4.No one is like God (1 Chronicles 17:20)
A well-known statement that helps define a core belief of Mormonism called “eternal progression”, can be summarized by this well-known statement:
"As man is, God once was; as God is, man may become."
If repeated a few times, the meaning becomes clearer. Although, this sounds innocent enough, it is actually considered a heresy to most Bible-based Christian denominations.
"...the great universe of stars has multiplied beyond the comprehension of men. Evidently each of these great systems is governed by divine law; with divine presiding Gods, for it would be unreasonable to assume that each was not so governed."
- Mormon founder Joseph Smith
While such stories make for interesting science fiction, they certainly do not have a place in either the Bible or true Christianity. So, with my heart thus prepared, I entered into the reading of Ender’s Game. (It was the same state I entered into reading Steelheart By Brandon Sanders. And, it is the same state that I would enter the reading of any book by a devout follower of any other religion aside from Christianity.)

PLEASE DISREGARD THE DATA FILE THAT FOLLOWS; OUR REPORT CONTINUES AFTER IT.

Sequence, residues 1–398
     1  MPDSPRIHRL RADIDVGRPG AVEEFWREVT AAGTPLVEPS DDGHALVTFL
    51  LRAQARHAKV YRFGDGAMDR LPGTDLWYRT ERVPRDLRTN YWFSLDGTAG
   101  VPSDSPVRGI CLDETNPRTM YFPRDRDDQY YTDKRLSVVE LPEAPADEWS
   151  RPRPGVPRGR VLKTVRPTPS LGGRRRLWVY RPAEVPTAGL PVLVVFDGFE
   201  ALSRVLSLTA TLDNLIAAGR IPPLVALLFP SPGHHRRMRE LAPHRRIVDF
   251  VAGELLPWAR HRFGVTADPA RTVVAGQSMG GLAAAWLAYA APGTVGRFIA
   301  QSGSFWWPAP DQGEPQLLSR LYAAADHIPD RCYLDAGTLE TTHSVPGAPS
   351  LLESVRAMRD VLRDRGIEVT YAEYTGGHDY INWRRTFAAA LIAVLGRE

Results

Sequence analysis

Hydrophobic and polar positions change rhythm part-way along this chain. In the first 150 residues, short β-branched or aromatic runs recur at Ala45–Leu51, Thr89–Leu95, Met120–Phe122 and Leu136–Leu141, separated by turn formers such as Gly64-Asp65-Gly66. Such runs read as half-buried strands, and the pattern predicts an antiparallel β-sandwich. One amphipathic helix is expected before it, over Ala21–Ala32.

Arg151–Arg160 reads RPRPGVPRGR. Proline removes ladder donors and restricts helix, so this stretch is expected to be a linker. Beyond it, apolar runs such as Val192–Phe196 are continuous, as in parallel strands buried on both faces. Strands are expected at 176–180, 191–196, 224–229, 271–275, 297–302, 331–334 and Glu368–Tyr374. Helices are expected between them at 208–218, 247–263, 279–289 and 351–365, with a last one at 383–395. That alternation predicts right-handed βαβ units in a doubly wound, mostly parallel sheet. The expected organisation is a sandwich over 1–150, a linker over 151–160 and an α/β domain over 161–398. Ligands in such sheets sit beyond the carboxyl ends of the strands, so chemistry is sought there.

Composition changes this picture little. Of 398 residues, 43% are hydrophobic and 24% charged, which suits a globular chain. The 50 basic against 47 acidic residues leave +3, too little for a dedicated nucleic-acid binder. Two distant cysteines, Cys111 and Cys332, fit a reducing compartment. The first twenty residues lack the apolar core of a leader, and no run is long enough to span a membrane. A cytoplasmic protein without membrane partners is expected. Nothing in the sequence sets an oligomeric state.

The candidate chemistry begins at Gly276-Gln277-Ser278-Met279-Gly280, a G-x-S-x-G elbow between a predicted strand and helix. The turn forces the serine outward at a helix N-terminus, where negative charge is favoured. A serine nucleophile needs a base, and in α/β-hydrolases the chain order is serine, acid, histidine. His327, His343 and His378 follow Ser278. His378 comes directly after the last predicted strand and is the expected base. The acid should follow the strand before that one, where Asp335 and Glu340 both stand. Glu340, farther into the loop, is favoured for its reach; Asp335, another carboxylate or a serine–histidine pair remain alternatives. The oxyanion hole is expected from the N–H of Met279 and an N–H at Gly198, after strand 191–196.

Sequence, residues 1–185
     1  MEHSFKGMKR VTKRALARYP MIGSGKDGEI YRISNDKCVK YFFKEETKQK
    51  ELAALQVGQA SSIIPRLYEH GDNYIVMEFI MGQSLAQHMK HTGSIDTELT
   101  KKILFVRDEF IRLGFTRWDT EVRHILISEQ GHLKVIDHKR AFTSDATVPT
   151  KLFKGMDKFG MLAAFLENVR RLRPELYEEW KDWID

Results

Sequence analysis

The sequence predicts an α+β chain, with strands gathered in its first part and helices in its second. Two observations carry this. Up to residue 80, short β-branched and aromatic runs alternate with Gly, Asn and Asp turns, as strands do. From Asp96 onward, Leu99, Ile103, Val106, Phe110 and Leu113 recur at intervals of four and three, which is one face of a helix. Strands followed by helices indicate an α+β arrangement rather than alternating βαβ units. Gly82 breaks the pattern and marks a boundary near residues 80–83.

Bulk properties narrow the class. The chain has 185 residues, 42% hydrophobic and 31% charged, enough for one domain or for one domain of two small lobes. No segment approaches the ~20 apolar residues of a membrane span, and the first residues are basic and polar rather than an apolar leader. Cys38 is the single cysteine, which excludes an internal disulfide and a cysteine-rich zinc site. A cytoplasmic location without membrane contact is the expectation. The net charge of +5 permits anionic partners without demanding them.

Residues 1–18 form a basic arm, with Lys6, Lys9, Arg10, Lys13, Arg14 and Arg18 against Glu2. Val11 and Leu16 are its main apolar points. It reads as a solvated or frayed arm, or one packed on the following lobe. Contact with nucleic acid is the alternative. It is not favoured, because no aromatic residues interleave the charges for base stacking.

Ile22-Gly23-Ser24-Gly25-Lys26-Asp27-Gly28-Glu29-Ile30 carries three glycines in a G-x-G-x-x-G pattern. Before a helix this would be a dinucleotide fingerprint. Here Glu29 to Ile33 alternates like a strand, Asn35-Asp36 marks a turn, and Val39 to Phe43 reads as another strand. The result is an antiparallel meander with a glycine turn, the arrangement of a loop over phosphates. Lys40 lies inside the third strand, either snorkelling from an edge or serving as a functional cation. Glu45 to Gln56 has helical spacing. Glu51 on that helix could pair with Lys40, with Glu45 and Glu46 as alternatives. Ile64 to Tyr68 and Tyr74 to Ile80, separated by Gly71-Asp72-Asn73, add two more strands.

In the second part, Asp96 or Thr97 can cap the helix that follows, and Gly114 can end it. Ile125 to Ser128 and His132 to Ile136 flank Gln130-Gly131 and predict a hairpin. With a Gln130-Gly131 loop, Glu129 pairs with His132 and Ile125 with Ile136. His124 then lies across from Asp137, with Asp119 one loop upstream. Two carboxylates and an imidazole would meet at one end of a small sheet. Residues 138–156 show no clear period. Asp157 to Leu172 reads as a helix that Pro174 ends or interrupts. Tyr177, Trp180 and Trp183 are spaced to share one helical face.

Since it’s release in 1985, Ender’s Game has been accumulating Accolades, and not without reason.
"Ender's Game is the story of Ender Wiggins, who is recruited at a very young age for his highly unique traits,and is thusly trained by the Best of the Best, for one purpose only: to save the world from utter destruction. Through a series of personal failures, and personal growth, we see ender become the man, err boy, that he needs to become.
The story is intriguing, and the language doesn't often get in the way of the life of the story. Although it was difficult to imagine a ten-year-old “super-kid” being the main character, it was satisfactorily explained in the end. The conclusion of the main conflict was also concluded neatly, and without ever making itself too apparent (nice surprise).
As far as the audio content is concerned, it was top-notch. Sometimes too many narrators can ruin a good thing, but in this case it was completely professional. It was a thoroughly enjoyable production.
Report Inappropriate Content
If you find this review inappropriate and think it should be removed from our site, let us know. This report will be reviewed by Audible and we will take appropriate action.